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Costly education policies create interest

John Howard has put $9.5 billion on the table, $800 a year for parents with school-aged children. Kevin Rudd was less thrifty with $2.4 billion, offering a means-tested $750 rebate that excluded school fees.

Howard denied that high spending would increase the pressure on rising inflation and interest rates, saying that as long as the budget surplus continued to hit one percent of gross domestic product it meant the Coalition had successfully managed the economy.
Rudd expressed concern over the inflationary effect of Coalition spending but, given his own policy, was not ideologically opposed to rebates for education.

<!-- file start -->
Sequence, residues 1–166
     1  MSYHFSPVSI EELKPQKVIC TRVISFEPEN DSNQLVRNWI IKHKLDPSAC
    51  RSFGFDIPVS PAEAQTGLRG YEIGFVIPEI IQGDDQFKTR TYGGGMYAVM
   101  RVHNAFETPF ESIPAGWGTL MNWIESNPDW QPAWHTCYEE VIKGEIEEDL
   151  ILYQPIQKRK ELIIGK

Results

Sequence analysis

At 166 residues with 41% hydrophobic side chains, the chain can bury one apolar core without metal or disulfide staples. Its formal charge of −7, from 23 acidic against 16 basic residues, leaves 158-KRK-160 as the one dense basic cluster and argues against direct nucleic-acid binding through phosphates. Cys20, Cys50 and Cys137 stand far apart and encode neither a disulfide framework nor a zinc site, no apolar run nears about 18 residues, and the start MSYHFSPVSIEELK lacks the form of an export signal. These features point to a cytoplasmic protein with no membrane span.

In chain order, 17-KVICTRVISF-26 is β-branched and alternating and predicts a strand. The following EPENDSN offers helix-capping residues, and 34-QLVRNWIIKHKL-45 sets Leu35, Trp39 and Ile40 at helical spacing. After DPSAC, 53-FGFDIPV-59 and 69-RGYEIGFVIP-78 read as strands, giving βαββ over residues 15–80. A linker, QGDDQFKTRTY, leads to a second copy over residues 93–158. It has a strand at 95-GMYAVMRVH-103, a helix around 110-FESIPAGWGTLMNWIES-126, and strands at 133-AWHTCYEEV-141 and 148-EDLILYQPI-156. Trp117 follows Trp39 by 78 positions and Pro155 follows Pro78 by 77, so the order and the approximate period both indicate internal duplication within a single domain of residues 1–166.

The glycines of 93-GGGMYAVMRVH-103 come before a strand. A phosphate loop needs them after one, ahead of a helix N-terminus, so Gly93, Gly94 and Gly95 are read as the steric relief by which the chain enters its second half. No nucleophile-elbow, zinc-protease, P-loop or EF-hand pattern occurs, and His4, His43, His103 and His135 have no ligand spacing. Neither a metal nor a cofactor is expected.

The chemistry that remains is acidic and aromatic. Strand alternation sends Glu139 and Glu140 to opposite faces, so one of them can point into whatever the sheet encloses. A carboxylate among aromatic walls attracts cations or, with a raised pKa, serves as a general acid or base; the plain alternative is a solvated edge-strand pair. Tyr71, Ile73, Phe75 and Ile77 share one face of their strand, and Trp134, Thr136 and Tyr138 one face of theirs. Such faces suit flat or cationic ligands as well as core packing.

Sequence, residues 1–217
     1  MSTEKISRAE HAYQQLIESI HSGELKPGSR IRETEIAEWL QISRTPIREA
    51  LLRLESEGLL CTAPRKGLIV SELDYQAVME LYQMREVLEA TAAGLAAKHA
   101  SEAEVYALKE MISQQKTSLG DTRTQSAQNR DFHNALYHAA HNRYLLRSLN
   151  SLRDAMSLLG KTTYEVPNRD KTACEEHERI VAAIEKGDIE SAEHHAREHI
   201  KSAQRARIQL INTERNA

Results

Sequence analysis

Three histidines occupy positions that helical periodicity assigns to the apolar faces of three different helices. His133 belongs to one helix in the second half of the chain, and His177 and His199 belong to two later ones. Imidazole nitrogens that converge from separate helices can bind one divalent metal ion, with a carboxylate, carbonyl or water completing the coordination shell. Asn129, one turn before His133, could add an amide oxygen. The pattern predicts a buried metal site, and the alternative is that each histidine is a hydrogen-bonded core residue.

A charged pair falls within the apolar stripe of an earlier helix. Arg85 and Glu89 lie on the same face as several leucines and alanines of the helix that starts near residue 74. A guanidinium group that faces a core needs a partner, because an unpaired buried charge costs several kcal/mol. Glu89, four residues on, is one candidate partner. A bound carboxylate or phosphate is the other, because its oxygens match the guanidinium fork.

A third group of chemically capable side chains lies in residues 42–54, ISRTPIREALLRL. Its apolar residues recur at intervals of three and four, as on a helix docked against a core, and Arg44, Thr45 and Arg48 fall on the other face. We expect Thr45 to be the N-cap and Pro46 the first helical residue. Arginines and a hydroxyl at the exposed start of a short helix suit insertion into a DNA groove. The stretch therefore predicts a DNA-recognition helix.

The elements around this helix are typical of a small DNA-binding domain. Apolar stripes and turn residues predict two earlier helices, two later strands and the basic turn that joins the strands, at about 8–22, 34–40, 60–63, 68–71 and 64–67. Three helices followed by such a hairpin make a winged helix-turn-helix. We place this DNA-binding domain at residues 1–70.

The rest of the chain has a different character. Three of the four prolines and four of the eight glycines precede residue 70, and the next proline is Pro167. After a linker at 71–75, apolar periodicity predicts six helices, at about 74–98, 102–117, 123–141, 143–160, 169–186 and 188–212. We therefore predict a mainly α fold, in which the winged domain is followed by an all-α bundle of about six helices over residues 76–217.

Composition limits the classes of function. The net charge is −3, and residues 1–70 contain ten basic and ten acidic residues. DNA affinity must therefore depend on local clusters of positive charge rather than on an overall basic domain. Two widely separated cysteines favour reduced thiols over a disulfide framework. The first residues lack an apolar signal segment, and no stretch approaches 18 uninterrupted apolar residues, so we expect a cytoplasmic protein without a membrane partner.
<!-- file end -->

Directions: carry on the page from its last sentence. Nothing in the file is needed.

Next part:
The third party in this spending spree is the Australian Democrats as the voice of protest while the expenses rise. Democrats tax spokesman Senator Andrew Murray said that both schemes would be costly to implement and would not be of much value to the public. "They're symptomatic of politicians buying Australians’ votes using Australians’ own money," he warned, listing the costs of tax infrastructure. "It's the extra paperwork, it's the extra staff, it's the extra IT systems, it's all the administrative costs."
Murray noted that both parties should instead make an effort to simplify the tax system.

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